You should always book a professional to uninstall your weave. It’s nearly impossible to do yourself, as it takes a lot of experience and skill to remove a weave without damaging your natural hair.
After your stylist has removed your weave, give your natural hair a deep cleanse and use a deep conditioning mask. To reduce damage and the risk of issues like traction alopecia, give your hair a break for two to four weeks before getting another sew-in installed. In the meantime, you can go with a protective style.
You should wash your weave approximately as often as you’d wash your natural hair. For some people this is daily, while others can go up to two weeks.
You can use regular shampoo to wash your sew-in. However, you should consider any special treatments your sew-in might need. For example, if your stylist dyed your weave, then you should use color-safe products to care for it.
Maintaining a weave is similar to maintaining your natural hair. However, there are some things to keep in mind to make your weave last longer:
● You must make sure the braids under your weave dry completely after a wash.
● Be gentle and try not to tug on your sew-in.
● Sleep with a silk pillowcase or bonnet to reduce breakage.
Washing a weave might loosen it slightly if you’re not careful, but it’s uncommon. Most times, a weave loosens due to hair growth. It’s much more important to properly wash and dry your weave than to forgo these steps in hopes that your weave will last longer.
You should brush your weave as necessary when it gets tangled. This will depend on the sew-in hair texture and your styling habits.
To be as gentle as possible, detangle your sew-in starting from the ends of your weave and slowly work your way up the hair shaft as you detangle. You might also want to hold your head at the root of your hair to avoid tugging on the braids underneath your sew-in.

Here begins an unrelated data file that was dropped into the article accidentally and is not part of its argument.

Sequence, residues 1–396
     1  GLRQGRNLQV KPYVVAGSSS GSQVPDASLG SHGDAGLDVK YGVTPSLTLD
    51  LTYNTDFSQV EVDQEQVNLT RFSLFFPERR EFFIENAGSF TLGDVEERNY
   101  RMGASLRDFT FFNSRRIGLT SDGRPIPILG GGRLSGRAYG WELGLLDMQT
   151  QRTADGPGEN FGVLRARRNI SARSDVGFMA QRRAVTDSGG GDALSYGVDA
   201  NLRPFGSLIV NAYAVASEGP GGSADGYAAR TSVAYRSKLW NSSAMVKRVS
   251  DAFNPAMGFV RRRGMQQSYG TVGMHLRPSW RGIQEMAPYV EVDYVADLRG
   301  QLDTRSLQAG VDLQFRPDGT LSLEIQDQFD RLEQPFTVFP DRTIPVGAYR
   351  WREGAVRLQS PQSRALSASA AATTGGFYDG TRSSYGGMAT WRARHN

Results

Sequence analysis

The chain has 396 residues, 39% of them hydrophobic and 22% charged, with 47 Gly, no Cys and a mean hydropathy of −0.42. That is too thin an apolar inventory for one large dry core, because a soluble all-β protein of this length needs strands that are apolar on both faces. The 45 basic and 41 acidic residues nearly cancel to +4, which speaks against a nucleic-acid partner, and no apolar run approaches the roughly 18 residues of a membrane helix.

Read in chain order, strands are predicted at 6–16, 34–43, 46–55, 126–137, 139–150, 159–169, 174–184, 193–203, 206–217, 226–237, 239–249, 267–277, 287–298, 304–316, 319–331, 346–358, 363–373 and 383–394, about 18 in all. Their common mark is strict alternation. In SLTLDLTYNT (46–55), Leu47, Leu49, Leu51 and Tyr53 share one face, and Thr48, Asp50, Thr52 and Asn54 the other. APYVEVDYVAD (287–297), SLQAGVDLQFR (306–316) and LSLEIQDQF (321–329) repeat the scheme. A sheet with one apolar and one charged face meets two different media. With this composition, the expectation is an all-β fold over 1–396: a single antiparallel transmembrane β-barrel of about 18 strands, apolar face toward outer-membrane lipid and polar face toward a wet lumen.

Yes, it’s important to wash your sew-in bundles before they’re installed in your hair. Just like any other manufactured product, there could be residue from any stage of production. Washing your bundles before you install them ensures that you remove any residue and makes styling your new weave easier.
You can wash a weave with a net the same way as any other type of weave, but with two adjustments to make the process easier:
● Use an applicator bottle to apply any product that needs to get to your braids. This is most important for shampoo, conditioner, and scalp oil.
● Dilute your hair products with water. Thinner products will penetrate the net easier, though you may need to use a bit more product to properly clean your weave.
Washing a sew-in can seem like a daunting process, but it’s not all that different from a regular wash day. The most important things to remember are that you’re washing your scalp and natural hair, rinsing out all the shampoo and conditioner, and drying your natural hair and weave completely. When you’re ready to see how a sew-in can level up your hair game, book an appointment with a stylist to get started.